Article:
Blackbirdan online journal of literature and the artsSpring 2008 Vol. 7 No. 1

Coleridge in Scotland, Walking

Rain-lashed, shoes in tatters, leg seized by a scorching
he won’t ever escape, he plods on, stumbling through furze
& scree, past potato fields white-flared with blossoms,
the perfect ribboning of countless sheep. O Christ,

it maddens me that I am not a painter. In a week, he’ll blitz
through 200 miles, fueled by stale cake & cheese, thoughts
of his limping, rattletrapped marriage & wide berths from sleep
given the night-shrieks opium churns. If pleasure, he writes,

draws the Soul along like a Flight of Starlings in a Wind,
this is hardly that, although there’s always some fleck of rapture
whenever he’s gripped by cloud or heath, topsy-turvy
mountain silhouettes, birch bark like a rhino rolled in mud,

each leaf he invests with awe. How madly, how purposeless,
the butterfly let loose pushes the air under it, he notes, then tramps
for days through fern-thick scruff, released from the noose  
that was Wordsworth & Dorothy yabbering on, fretting

over flea-crammed beds: Would that I never met them!
he scrawls in his notebook when they at last part ways, pausing
from pitching stones at a lichen-splotched stump, for hours
attuned to only that, the same way, 30 years on, still trussed

to his wife & the drug called his strong ale, a few months before
his heart stops, he’ll find himself at a dinner in a claret-haze,
studying friends on a madcap whim flinging crockery against walls,
letting shards rain into his hair until everyone stops to watch him,

plaster-dusted, fork in hand, aiming for a glass perched on a tumbler,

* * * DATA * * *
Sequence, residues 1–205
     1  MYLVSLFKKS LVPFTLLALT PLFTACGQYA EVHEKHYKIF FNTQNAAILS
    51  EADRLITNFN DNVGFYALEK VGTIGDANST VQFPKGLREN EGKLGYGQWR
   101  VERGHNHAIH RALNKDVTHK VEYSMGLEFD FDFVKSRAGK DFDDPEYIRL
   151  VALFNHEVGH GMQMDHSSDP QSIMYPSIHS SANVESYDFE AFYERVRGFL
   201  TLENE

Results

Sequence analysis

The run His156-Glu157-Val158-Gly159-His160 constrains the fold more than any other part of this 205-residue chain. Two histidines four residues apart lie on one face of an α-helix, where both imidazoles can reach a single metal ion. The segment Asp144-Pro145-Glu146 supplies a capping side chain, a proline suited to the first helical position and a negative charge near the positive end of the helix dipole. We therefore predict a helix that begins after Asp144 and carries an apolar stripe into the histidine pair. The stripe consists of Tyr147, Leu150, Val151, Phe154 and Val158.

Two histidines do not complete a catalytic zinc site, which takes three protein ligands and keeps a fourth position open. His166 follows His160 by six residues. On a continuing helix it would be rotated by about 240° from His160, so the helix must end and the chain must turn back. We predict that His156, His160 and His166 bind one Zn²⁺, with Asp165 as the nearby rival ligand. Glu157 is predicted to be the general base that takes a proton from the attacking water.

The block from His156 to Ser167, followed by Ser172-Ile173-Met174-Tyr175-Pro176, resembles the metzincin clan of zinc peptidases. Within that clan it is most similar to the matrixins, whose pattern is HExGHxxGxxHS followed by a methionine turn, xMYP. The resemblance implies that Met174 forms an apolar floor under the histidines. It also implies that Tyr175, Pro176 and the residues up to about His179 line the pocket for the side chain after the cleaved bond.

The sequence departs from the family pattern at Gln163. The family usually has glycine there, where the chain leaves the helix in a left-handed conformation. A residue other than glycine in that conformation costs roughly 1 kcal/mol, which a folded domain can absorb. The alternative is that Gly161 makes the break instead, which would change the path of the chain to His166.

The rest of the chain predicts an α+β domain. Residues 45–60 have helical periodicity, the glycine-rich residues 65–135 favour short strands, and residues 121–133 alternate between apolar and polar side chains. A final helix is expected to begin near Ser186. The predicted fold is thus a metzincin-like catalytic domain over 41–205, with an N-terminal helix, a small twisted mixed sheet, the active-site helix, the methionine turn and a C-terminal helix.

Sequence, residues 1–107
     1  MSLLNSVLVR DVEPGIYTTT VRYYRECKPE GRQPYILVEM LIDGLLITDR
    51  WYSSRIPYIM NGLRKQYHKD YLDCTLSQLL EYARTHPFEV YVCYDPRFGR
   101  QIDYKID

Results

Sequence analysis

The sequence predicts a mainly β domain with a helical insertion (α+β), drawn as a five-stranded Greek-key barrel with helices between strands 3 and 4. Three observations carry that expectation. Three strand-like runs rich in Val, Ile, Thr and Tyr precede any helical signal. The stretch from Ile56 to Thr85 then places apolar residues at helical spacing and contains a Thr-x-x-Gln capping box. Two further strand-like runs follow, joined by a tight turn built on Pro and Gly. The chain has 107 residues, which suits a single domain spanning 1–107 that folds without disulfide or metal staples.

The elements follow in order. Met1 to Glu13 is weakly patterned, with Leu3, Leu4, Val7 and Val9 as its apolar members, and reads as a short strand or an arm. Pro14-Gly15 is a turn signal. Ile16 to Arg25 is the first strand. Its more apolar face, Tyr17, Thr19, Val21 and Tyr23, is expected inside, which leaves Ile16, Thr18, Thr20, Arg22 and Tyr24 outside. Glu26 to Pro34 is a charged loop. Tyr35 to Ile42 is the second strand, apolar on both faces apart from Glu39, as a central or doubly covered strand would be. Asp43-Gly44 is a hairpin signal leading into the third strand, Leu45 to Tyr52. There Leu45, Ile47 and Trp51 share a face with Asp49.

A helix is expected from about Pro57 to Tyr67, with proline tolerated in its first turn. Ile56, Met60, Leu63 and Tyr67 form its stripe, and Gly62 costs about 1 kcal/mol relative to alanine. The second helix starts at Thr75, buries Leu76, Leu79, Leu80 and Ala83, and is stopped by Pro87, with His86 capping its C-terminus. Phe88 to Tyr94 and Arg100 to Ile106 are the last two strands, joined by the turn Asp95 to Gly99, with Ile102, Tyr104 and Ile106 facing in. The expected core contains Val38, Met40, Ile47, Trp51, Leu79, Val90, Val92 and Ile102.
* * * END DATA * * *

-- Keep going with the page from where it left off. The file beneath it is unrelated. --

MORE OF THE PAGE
radiating interest, honed to this single task. The thing is, torn
between telling & simply plodding on, I could cram more
into lines about Coleridge striding towards waterfalls

& gooseberry trees without ever conjuring the back roads I prowl
some days, unsure what I’m driving towards, or years back, lost
in a town I couldn’t stop calling home, waking night after night
on a beach of rocks to tumbling slate-colored waves. In that

aimless staggering, or, just now, staving off you-name-it
through a rerun of Cops where a man writhes on asphalt, wide-eyed,
cuffed, wonder isn’t a word I’d use, but why hack out a shape
to my run-of-the-mill froth of grief & mistakes which keep me

from standing still? Instead of some riff on loss you’ve heard before,
I’ll say here, through a sea of saying, whatever else I can:
one day’s thermal-winging, dirt-colored hawk, those clattering
surf-drenched stones. Where the path is possible, there I go,

Coleridge once scribbled to the woman he loved, describing
the gamble of hurling himself down rocks & crags in darkness,
not caring what might lie beneath as he bucks his way frenzied
from boulder to boulder, chest puckered with heat-bumps,

a palsy-like shuddering through his limbs. Thus I circle back
to red-herring particulars culled from another life. September, 1803:
morning of whiskey, sugar, raw eggs. Body a litany of ache—
head, face, ear, tooth—under the purplish hillside sinking down

into ragged Burnt-Land. Although even as he reads this phrase,
he knows it’s time to thrash on, since already this seems    
like inscribing the earth with his own might-have-been
when today all he wants is swaths of this unfamiliar world

unharnessed from regret. Peat-moss squelch, river skittering
with light. Or something like each snaring, bearable thing
he doodles in his notebook, unable to break his now-quickened pace,
even when words, for a moment, fail—glyph of bough-curve,

road-swerve, a hook-like bay, ridge in a helter-skelter plunge.